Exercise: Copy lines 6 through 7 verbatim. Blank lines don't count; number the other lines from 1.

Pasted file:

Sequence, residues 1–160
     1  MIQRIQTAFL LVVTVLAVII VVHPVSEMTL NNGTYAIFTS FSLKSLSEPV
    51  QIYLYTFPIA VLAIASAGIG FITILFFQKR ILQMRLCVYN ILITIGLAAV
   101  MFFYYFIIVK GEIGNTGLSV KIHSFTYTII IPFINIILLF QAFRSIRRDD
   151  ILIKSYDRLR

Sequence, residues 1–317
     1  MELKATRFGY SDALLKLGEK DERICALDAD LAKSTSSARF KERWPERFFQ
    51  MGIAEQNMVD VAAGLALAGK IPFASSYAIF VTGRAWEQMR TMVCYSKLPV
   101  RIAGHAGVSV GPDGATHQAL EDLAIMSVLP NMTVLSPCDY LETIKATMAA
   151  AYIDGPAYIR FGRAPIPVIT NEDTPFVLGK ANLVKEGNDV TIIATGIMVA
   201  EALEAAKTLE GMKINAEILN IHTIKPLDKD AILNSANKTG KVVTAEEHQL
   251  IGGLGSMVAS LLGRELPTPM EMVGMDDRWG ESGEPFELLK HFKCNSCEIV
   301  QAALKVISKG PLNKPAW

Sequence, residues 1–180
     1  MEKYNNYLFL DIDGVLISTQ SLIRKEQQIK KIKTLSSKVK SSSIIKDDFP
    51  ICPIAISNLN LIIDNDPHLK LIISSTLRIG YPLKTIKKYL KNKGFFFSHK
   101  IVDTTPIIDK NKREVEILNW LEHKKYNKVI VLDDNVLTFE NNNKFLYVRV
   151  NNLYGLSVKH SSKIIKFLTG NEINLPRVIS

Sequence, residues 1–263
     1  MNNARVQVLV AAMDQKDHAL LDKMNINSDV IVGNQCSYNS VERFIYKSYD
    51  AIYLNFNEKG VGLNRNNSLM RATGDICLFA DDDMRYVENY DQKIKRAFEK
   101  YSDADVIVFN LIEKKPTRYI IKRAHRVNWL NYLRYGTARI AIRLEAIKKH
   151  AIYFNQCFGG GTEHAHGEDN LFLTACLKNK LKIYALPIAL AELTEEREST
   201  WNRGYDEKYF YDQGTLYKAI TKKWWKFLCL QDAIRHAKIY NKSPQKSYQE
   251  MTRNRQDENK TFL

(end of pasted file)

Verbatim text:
Sequence, residues 1–317
     1  MELKATRFGY SDALLKLGEK DERICALDAD LAKSTSSARF KERWPERFFQ